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Special Olympics is a global movement that unleashes the human spirit through the transformative power and joy of sport, every day around the world. Through sports, health, education and community programming, Special Olympics is tackling inactivity, intolerance, isolation and injustice that people throughout the world face, especially people with intellectual disabilities.
The athletes of Special Olympics -- nearly 20,000 strong here in Pennsylvania -- are constant reminders of all that is right with the human spirit.
The mission of Special Olympics PA is to provide year-round sports training and competition in a variety of Olympic-type sports for children and adults with intellectual disabilities, giving them continuing opportunities to develop physical fitness, demonstrate courage, experience joy, and participate in a sharing of gifts, skills, and friendship with their families, other Special Olympics athletes, and the community.
All training and competition opportunities are provided free of charge to the athletes and their families, enabling everyone to experience the benefits of Special Olympics that extend well beyond the playing field.
Special Olympics was created by the Joseph P. Kennedy, Jr. Foundation. Special Olympics Pennsylvania (SOPA) is authorized and accredited by Special Olympics Inc. for the benefit of persons with intellectual disabilities.
Our Vision and Goals
Special Olympics envisions a world where people with intellectual disabilities lead healthy, vibrant lives grounded in ongoing sports and physical activities, sound nutrition and a deeply held commitment to improve, compete, achieve and demonstrate their personal bests to themselves and their communities.
Special Olympics envisions a world where people with intellectual disabilities – and their families -- know the best ways to optimize their health and well-being. We want to make sure that accessible information, resources, systems and policies exist at the individual, community, national and global levels that support them in realizing healthy and productive lives.
Special Olympics envisions a world in which people with intellectual disabilities are leaders in engendering and sustaining acceptance and respect within schools and communities. We do this through Special Olympics’ inclusive sports, fitness and youth activation programs.
History of SOPA
Although 187 Pennsylvania athletes participated in the Mid-Atlantic Invitational in Maryland in 1969, Special Olympics Pennsylvania (SOPA) did not become an official chapter until it hosted its own competition. SOPA officially came into being in May 1970 with a track and field event at West ChesterUniversity. Organized by two volunteer directors, Dr. Ed Norris and Hank Goodwin from West Chester's Physical Education Department, and funded by a grant from the Department of Special Education in Harrisburg, this first official competition had 135 participants.
Two familiar names in SOPA history played a role in this event: Loretta Claiborne, one of Pennsylvania's most acclaimed athletes, participated; and Al Senavitis, SOPA’s former Chairman of the Board, served as a timer. The occasion was also marked by a Proclamation from then-Governor Raymond Shafer, who designated May 24 - 30, 1970, as Special Olympics Week in Pennsylvania.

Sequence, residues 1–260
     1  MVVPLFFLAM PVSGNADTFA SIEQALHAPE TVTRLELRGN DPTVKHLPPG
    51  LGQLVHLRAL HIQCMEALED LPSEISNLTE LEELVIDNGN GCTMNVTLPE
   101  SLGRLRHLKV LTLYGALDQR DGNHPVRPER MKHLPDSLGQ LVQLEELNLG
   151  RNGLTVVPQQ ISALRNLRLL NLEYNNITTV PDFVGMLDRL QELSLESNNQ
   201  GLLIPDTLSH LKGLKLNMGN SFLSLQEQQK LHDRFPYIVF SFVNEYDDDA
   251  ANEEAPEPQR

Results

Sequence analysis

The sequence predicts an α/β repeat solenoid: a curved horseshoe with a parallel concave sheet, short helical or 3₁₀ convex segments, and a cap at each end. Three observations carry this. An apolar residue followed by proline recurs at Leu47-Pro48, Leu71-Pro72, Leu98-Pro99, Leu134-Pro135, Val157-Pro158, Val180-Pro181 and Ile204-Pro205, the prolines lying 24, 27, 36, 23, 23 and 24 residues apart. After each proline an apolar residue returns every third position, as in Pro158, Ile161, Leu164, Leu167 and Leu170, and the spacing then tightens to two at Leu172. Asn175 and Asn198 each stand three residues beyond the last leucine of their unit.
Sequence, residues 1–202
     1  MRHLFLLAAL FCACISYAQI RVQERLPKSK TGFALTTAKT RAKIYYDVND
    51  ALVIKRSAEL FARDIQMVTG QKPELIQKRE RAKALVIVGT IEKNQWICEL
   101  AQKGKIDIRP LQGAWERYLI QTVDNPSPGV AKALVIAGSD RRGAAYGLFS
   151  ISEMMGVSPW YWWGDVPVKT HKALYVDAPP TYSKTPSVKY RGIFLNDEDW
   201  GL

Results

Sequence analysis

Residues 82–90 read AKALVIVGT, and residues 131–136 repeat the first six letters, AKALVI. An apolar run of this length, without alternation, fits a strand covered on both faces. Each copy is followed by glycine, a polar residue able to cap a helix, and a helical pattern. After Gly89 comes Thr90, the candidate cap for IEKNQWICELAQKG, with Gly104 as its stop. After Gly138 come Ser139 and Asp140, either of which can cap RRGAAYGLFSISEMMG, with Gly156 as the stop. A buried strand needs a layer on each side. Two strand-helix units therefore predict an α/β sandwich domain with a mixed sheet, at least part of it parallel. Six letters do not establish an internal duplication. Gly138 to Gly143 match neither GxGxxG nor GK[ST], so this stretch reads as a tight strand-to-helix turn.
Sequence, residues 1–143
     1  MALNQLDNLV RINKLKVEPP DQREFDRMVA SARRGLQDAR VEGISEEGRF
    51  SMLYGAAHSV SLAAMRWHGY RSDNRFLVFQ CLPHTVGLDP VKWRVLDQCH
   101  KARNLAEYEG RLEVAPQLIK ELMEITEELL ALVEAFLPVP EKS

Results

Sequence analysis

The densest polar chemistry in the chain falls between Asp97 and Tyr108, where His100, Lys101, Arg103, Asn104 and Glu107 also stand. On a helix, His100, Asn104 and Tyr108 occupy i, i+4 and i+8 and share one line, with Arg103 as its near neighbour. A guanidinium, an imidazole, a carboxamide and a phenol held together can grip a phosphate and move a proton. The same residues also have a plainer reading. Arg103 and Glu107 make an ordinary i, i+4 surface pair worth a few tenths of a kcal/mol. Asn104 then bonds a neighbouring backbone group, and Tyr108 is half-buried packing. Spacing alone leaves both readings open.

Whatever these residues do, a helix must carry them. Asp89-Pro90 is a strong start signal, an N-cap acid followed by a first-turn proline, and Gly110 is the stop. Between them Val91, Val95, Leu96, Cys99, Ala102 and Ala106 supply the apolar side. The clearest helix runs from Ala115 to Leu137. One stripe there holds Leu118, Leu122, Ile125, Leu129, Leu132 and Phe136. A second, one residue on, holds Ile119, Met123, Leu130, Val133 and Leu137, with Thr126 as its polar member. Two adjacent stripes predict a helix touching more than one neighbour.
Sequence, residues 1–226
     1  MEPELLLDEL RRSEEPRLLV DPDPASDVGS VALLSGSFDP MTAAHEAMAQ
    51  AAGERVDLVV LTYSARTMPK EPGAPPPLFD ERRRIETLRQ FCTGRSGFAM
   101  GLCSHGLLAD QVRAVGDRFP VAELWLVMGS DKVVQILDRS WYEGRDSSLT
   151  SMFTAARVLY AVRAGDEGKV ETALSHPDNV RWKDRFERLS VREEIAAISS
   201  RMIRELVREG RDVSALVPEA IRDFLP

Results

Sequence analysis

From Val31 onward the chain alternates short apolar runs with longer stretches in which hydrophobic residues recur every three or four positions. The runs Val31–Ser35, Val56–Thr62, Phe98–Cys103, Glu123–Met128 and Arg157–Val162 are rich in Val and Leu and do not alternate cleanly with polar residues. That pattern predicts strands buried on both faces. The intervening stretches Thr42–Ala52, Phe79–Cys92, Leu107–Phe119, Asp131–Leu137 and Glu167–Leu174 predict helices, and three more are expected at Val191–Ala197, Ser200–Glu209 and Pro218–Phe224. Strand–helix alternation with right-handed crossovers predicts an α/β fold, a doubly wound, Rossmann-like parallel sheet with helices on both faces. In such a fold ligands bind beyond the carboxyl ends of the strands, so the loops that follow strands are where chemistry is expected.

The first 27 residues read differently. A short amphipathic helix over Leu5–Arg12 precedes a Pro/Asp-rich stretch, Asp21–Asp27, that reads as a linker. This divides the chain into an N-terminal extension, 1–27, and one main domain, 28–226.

Throughout the 1970s, SOPA evolved under the directorial guidance of Joseph N. Lantzer; and in 1978, a significant milestone occurred with the appointment of Frank Dean as the organization’s first paid Executive Director. As the organization increased in size, competitions moved around the state, with various colleges serving as hosts, including Cheyney, Slippery Rock, and EdinboroUniversities.
The organization grew rapidly through the 1980s as staff was added and local programs began holding events across the state.
SOPA now trains nearly 20,000 athletes who participate in 21 Olympic-type sports and three emerging sports at more than 260 local, sectional, and state level competitions.
Origins of Special Olympics
The movement known worldwide as Special Olympics began simply as the idea of one extraordinary woman with extraordinary vision. Eunice Kennedy Shriver believed that people with intellectual disabilities were far more capable in sports and physical activities than many experts thought.
And so, the world's largest amateur sports organization began as a day camp in the backyard of Eunice and Sargent Shriver. It has been growing ever since.
Mrs. Shriver organized the first International Special Olympics Games in 1968. Held at Chicago's Soldier Field, the event consisted of 1,000 athletes from 26 states and Canada competing in track and field, swimming, and floor hockey. Now, you will see that the growth has been spectacular – more than 3.1 million athletes training and competing in more than 170 countries and more than 750,000 volunteers and 300,000 coaches. Athletes now compete in more than 20 Olympic-type sports.
Throughout its history, Special Olympics has remained committed to high-quality training and high levels of sportsmanship. This commitment has earned us the right to use the word "Olympics" in our title -- the only sports organization authorized by the International Olympics Committee to do so.